Francis on Parishes

pope francisWhenever this pope opens his mouth . . . .  I know there are a lot of people saying that whenever Francis opens his mouth he causes trouble.  Unfortunately, I think those people are reading media reports, instead of what Francis actually says.  Whenever I read what he actually says, I find it outstanding.


Here’s part of his off-the-cuff talk with the Polish bishops.  So practical, so real:


True, the dechristianization, the secularization of the modern world is powerful, very powerful. But there are also those who say that while it is powerful, there are also clear indications of religiosity, of a reawakening of the religious sense. This too can be dangerous. I believe that in this highly secularized world we have also the other danger, that of a gnostic spiritualization. Secularization makes it possible for us to indulge in a spiritual life which is a little gnostic. We remember that this was the first heresy in the Church – the apostle John went after the gnostics, relentlessly! – it consists in a subjective spirituality, without Christ. For me the bigger problem with secularization is dechristianization: removing Christ, removing the Son. I pray, I feel… and that is all.  This is gnosticism. [. . .]


What would I advise? I would say – but I believe it is in the Gospel, where there is precisely the Lord’s own teaching – closeness. Today we, the Lord’s servants – bishops, priests, consecrated persons and committed laypeople – need to be close to God’s people. Without closeness, there are only disembodied words. Let us think – I like to reflect on this – of the two pillars of the Gospel. What are the two pillars of the Gospel? The Beatitudes and Matthew 25, the “criteria” on which all of us will be judged. Concreteness, closeness, touching, the corporal and spiritual works of mercy.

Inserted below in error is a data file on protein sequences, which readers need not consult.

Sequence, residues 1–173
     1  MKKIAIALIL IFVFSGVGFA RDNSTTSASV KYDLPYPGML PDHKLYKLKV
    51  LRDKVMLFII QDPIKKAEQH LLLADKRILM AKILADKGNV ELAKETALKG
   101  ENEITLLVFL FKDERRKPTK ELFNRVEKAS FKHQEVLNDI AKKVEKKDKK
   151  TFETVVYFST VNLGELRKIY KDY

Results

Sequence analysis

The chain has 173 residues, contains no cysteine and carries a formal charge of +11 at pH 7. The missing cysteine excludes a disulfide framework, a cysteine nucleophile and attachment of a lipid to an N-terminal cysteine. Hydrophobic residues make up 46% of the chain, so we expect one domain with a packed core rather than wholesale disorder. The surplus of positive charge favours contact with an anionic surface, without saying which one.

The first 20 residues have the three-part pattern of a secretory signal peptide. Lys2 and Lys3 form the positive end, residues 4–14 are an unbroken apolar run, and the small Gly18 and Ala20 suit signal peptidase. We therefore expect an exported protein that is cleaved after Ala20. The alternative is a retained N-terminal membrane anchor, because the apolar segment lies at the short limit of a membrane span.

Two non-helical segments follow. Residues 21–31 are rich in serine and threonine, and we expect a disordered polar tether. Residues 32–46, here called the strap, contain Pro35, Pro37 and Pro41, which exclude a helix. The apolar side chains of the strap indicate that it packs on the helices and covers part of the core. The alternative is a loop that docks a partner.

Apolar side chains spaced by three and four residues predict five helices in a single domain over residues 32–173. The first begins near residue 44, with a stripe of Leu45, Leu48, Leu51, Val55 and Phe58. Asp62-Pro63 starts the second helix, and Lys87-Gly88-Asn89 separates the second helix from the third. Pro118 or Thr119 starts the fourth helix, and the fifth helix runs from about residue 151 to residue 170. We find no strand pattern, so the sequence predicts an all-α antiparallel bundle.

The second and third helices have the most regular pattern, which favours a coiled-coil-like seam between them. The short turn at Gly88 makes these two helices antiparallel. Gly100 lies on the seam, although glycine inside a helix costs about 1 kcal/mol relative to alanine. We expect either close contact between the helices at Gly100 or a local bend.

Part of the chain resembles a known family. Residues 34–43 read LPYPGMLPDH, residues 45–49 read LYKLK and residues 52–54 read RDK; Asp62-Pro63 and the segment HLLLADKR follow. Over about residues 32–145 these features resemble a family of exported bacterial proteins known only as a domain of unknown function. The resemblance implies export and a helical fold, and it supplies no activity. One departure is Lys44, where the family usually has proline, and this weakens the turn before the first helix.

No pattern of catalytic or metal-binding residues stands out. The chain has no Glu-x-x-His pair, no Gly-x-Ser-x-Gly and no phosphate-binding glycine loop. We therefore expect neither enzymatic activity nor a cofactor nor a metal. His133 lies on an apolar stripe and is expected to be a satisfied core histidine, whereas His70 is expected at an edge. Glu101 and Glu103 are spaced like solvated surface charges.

“But you are saying all this because it is fashionable to speak about mercy this year!” No! This is the Gospel! The Gospel, the works of mercy. It shows us the Samaritan heretic who is moved, does what he has to do, and even risks his money! To touch. Then there is Jesus, who was always with people, with the disciples, or alone with the Father in prayer. Closeness. Touching. This is Jesus’s life… And when he was moved, at the gates of the city of Nain (cf. Lk 7:11-17), he went over to touch the bier saying: “Do not weep…” Closeness. It is closeness to touch the suffering flesh of Christ. The Church, the glory of the Church, is of course the martyrs, but also all those men and women who left everything to spend their lives in hospitals and schools, with children and with the sick…




The works of mercy: to touch, to teach, to console, to “waste time”. To waste time. I was very pleased once: a man who went to confession was in a situation where he couldn’t receive absolution. He had gone with a certain apprehension, because he had been sent away several times before: “No, no, go away”. The priest listened to him, explained the man’s situation, and told him: “But you keep praying. God loves you. I will give you my blessing. Do you promise to come back?” This priest “wasted time” in order to draw that man towards the sacraments. That is what closeness means.




Then too, young people. Because we have to talk about young people during these days. The young are “a bother”! Because they always come and say the same things. “Here is what I think…” or, “the Church should do this or that…” We need to be patient with young people. I knew a few priests when I was young. Those were the days when people went to confession more frequently than now. Those priests spent hours listening to the young, or received them in the parish office to hear the same things over and over, but they did so patiently. And then, to take young people out into the country, to the mountains… Think of Saint John Paul II. What did he do with the university students? Yes, he gave them classes, but he also went with them to the mountains! Closeness. He listened to young people, he spent time with them…